Two papers on Flow Decomposition accepted at RECOMB 2022

Flow decomposition lies at the core of the multi-assembly problem in bioinformatics, whose main objective is to reconstruct each genomic sequence from a set of mixed reads sequenced from them. The Graph Algorithms Team has contributed to this problem with a new ILP (Integer Linear Program) formulation for minimum flow decomposition and a “safe and complete” algorithm. Both works will be presented in RECOMB 2022.

A popular approach to solve multi-assembly consists of building a weighted acyclic graph from the different reads and their abundances in the mixed sample. The weights in the graph form an (approximate) flow, and the different genomic sequences (and their abundances) can be derived by decomposing such flow into a set of weighted paths explaining it.  

In “Fast, Flexible, and Exact Minimum Flow Decompositions via ILP” a team formed by researchers from Montana State University and University of Helsinki (Postdoctoral  
Researcher Fernando Dias and Associate Professor Alexandru Tomescu) consider the NP-hard problem of decomposing the flow into the minimum number of paths. They propose a new Integer Linear Program (ILP) encoding the exponentially many solution paths using only a quadratic number of variables. This significant result will lead to more scalable, faster, and more flexible multi-assemblers based on ILP.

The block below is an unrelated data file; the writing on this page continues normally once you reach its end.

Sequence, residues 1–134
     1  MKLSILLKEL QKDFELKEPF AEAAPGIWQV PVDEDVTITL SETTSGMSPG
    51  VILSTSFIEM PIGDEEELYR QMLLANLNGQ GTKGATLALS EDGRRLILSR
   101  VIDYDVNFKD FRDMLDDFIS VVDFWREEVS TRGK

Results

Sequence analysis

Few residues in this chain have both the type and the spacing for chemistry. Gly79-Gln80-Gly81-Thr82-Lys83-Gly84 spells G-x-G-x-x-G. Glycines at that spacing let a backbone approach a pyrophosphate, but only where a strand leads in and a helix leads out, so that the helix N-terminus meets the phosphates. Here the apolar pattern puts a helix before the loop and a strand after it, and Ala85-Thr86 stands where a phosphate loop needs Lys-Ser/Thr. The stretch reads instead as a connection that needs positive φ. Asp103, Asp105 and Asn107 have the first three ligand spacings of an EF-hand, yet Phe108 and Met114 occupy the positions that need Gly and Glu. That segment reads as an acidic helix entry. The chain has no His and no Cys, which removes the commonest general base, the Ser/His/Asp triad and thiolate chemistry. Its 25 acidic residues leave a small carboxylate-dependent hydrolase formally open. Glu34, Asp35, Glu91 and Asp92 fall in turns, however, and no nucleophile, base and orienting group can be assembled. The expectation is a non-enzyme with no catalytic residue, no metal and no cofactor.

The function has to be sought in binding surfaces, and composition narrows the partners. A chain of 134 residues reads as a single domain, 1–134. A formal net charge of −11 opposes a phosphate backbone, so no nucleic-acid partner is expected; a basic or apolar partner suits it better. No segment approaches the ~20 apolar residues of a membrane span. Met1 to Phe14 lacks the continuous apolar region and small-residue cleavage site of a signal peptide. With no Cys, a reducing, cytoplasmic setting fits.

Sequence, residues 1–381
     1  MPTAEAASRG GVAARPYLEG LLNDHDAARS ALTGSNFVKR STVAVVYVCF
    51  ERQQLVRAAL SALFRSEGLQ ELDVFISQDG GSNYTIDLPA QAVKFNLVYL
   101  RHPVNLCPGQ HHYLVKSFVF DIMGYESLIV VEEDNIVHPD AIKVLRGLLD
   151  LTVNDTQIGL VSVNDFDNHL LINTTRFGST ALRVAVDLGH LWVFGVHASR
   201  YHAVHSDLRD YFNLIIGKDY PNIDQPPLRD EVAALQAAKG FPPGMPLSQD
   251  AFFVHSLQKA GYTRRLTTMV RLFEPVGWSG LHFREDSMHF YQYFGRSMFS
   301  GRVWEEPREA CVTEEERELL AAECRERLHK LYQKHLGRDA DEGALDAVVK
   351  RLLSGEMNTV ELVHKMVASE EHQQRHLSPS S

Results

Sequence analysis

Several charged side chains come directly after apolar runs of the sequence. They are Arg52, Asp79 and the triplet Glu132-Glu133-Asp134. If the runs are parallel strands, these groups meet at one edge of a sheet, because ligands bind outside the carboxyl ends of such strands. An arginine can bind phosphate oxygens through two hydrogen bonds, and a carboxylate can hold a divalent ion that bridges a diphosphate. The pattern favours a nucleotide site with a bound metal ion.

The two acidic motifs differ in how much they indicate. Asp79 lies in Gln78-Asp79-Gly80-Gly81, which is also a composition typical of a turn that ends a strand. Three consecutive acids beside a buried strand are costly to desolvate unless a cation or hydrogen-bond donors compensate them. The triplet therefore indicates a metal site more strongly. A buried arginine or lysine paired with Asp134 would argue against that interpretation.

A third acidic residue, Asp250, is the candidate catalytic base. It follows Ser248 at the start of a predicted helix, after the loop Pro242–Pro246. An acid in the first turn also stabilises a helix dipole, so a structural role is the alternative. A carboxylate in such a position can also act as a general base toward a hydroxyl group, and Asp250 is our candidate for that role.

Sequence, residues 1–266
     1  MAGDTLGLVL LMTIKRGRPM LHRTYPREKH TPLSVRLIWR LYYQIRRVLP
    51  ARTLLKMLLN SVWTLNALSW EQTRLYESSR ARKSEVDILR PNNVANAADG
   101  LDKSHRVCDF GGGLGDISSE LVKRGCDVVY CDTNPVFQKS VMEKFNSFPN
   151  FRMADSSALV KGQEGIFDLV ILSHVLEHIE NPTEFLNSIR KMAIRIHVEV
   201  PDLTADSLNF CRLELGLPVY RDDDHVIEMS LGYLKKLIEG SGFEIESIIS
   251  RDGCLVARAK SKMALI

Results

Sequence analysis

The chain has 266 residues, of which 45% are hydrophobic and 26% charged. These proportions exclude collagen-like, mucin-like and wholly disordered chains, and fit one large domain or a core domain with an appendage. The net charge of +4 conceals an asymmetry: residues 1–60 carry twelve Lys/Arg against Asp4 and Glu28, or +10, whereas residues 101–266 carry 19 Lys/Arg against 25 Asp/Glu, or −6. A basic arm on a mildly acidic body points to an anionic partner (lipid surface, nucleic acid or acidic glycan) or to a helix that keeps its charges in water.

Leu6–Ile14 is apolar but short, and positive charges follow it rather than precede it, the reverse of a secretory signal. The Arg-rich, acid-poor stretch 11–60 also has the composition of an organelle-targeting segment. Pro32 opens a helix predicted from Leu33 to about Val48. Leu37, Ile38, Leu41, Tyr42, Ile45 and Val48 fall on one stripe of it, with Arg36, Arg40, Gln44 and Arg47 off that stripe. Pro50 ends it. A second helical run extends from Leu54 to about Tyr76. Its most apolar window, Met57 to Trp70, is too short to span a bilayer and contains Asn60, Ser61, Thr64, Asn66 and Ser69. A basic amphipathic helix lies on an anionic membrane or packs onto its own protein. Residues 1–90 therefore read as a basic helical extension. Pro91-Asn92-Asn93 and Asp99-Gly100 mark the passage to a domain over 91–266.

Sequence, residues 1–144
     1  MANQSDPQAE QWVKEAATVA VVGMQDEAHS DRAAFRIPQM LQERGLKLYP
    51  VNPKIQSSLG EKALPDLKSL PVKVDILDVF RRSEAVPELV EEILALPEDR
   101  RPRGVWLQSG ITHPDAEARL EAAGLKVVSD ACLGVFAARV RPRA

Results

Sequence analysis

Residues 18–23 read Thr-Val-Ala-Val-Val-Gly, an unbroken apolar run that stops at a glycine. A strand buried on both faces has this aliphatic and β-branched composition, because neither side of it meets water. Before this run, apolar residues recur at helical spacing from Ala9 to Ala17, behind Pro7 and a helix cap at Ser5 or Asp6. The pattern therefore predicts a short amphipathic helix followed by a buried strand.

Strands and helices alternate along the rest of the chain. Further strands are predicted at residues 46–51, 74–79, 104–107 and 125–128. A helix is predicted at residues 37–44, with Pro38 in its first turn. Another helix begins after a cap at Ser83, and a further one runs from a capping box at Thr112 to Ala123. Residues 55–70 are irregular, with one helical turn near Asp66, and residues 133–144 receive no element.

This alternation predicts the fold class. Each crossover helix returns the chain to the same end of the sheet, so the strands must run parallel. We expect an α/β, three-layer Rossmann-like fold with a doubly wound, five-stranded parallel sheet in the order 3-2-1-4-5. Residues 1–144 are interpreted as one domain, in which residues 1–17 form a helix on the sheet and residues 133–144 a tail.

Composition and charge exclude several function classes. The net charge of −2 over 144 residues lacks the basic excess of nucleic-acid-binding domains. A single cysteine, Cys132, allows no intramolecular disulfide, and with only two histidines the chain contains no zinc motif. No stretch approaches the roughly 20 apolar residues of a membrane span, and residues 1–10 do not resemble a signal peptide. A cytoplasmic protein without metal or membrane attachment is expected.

In “Safety and Completeness in Flow Decompositions for RNA Assembly” researchers from Montana State University and University of Helsinki (Research Assistant Milla Kortelainen, Doctoral Researcher Manuel Caceres, Postdoctoral researcher Shahbaz Khan and Associate Professor Alexandru Tomescu) studied the problem of finding sub-paths that are common to all flow decompositions. They developed a “safe and complete” algorithm that reports all 100% precise sub-solutions that can be derived from the flow, instead of reporting one candidate solution. Their algorithm efficiently finds all safe and complete paths, and these are shown to have better quality compared to existing methods.  


Both research works have been accepted to the 26th Annual International Conference on Research in Computational Molecular Biology (RECOMB 2022) and will be published in the conference proceedings.